In many ways, I have been very fortunate in this life. I am married to an amazing and lovely wife. I have a top-notch education. I have very good health. But my biggest misfortunes, the ones that have had the biggest negative impact on my life, have been the injuries to my knee.
In 1985, when I was 22, I was playing a pickup basketball game at Wayne State University in Detroit. Back then, even though I am only 5'7", I could jump high enough to get my fingertips over the rim. During one game, I jumped about that high, and when I came down on my leg I landed on someone's foot. By doing so, I tore the anterior cruciate ligament of my knee, and I also tore my medial meniscus. The pain was horrific....up to that point in time I had never experienced such pain, and I'd already had some painful experiences (broken bones, a concussion, deep scarring cuts,...).
At that time, I was not yet quite sophisticated and worldly enough to know that I should research surgeons. I consulted with my family physician, who referred me to a local orthopaedic surgeon (who shall remain nameless), who was the "go-to", prolific, orthopaedic surgeon for athletes in downriver Michigan. Accepting that referral was one of the worst mistakes of my life. That surgeon put in a dacron ligament graft and resected my medial meniscus (which might have been repairable). That dacron graft failed in 1992, when I was 29. I found out later that it was knowable at the time that the dacron graft would fail. I also found out later that that orthopaedic surgeon botched the placement of the graft. I also found out later that that surgeon lost his medical license due to malpractice.
So, I was 29 with a failed surgery, and a painful, arthritic, and unstable knee. It was a nightmare for me. I loved athletics....playing tennis, basketball, running, hiking, backpacking to do landscape photography.... The only saving grace was by that point in time, I had gotten my Ph.D. in Engineering, and I knew how to do research. I researched for weeks. I looked for surgeons who specialized in revision anterior cruciate repairs, meniscus repairs, and cartilage restoration. I read about 300 medical papers in all. Imagine that: 300 medical papers and I was not a physician. My search ultimately led me to Dr. Frank Noyes at the Cincinnati SportsMedicine and Orthopaedic Center. Dr. Noyes had pioneered many of the procedures that I would need. I traveled out of state to see him, and later to have multiple knee surgeries.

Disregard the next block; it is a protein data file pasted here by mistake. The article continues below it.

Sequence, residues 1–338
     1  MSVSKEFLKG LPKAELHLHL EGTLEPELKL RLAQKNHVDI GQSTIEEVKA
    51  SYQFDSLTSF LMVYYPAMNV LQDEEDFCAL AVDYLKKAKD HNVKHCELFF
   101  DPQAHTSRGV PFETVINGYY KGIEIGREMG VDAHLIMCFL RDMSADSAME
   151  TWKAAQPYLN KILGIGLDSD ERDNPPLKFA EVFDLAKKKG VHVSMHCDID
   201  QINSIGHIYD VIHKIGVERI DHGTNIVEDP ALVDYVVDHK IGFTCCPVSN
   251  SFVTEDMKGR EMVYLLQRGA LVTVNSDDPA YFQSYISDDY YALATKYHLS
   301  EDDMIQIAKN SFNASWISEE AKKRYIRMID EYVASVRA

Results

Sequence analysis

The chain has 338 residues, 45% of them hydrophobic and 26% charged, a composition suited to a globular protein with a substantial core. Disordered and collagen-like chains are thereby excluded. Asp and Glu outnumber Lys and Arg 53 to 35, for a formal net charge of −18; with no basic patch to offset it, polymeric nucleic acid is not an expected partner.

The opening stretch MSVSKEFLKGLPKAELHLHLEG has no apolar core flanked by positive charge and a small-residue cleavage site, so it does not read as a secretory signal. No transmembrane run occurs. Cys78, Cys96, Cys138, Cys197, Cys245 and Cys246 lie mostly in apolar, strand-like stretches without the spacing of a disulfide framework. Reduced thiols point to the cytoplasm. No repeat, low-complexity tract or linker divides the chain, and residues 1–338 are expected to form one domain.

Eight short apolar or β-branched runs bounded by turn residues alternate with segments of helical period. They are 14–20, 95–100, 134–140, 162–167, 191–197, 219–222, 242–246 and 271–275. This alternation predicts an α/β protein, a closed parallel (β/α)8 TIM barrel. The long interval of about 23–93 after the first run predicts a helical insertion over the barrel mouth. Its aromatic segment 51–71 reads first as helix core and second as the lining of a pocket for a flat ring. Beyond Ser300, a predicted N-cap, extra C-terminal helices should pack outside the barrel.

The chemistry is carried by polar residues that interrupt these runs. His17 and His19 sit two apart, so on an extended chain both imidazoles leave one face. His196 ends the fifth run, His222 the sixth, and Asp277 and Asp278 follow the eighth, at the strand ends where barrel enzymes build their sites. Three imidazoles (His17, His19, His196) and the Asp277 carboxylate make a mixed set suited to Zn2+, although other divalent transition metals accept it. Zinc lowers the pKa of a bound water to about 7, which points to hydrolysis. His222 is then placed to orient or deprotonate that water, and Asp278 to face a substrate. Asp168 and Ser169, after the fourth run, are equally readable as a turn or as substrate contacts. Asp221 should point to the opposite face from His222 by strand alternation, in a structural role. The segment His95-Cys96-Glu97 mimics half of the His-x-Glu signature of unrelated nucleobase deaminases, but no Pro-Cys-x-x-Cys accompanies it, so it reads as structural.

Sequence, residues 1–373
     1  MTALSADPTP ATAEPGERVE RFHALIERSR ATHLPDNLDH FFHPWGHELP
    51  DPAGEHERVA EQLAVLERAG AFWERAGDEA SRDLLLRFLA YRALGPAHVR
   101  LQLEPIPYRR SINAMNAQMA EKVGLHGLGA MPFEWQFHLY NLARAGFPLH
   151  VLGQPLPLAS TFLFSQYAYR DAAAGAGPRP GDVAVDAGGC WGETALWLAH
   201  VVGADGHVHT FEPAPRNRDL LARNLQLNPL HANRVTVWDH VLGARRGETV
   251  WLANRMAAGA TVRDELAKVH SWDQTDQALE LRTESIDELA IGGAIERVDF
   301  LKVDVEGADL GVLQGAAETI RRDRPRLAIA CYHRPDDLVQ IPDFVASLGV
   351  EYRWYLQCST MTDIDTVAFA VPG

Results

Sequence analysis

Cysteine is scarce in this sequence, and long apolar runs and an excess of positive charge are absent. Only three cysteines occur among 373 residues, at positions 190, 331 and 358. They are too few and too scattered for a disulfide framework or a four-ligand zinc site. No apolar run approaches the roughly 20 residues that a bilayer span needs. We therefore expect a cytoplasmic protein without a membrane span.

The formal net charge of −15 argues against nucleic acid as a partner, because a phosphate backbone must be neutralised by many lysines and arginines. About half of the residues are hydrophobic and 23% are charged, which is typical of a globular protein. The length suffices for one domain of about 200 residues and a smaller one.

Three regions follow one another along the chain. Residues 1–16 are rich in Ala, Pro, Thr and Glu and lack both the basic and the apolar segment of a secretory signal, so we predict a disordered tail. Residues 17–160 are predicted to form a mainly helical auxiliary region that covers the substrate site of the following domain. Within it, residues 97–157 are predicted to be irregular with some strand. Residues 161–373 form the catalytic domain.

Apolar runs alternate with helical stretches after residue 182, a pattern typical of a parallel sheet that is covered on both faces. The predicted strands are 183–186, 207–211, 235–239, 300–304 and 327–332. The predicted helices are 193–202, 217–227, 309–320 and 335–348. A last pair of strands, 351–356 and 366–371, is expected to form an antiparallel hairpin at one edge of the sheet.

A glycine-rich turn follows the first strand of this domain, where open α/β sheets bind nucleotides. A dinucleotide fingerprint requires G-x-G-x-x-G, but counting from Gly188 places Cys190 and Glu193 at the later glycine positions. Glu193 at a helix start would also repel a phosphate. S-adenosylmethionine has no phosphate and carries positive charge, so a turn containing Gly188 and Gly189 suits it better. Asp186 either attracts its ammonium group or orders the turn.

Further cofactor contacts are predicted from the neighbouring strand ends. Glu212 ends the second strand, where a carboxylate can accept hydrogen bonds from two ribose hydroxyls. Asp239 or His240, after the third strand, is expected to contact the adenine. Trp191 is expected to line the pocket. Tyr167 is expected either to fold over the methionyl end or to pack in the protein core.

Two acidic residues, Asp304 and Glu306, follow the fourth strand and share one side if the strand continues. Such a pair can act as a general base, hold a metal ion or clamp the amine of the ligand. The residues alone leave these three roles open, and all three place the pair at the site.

Dr. Noyes performed a revision anterior cruciate repair on my knee in 1992, along with a double-longitudinal lateral meniscus repair. With great skill, he repaired and stabilized my knee. He was one of the few people in the world who could do what he did. The surgery and recovery were both very difficult, and I had to be readmitted to break up the scar tissue in my knee. I was very diligent in months of physical therapy, and that, along with some good luck and a lot of determination, enabled me to continue to do two of the things that I love the most: hiking and landscape photography. You see the photos on my homepage? 98% of those were taken after Dr. Noyes repaired my knee. I don't know how much of that I would have been able to do without Dr. Noyes' world-class skills, but I'm guessing just a small, small fraction.
I never was able to return to tennis or to basketball (due to the arthritis), but I have logged well over 2000 miles of wilderness hiking and landscape photography over the past 26 years, about 20% of that with a full backpack, almost all of that made possible by Dr. Frank Noyes. That one man, and that one orthopaedic center, made a huge positive difference in my life. Dr. Noyes, in 2014, was recognized as receiving the most citations, in the world, in knee repairs and knee clinical outcomes. Knee surgeons and knee researchers have cited Dr. Noyes’ work more than anyone else’s knee research in the world, ever. Dr. Noyes was and is a world-class knee expert and surgeon. Dr. Noyes literally "wrote the book" on knee repair, and I count myself extremely fortunate to have met him and to have him perform surgery on me.
I learned an important life lesson the hard way. I learned it by spending over a year of my life on crutches, and over a year and a half in physical therapy (most of it before I found Cincinnati Sportsmedicine).
The lesson is this: If you are severely injured or ill, find the best doctor you can, and spend whatever it takes, and travel however far is needed, to get the best care you can. Nothing, nothing can replace that. Nothing replaces world-class skill. You don't know what you don't know. Do the research, even if you don't know how. Pay out of pocket, if need be. Be willing to travel out of state. If you choose the wrong doctor, you will pay a price for it. Read 100, 200, 500 medical papers. Read 1000 if that is what is needed. Then make your choice. You will have to live with it.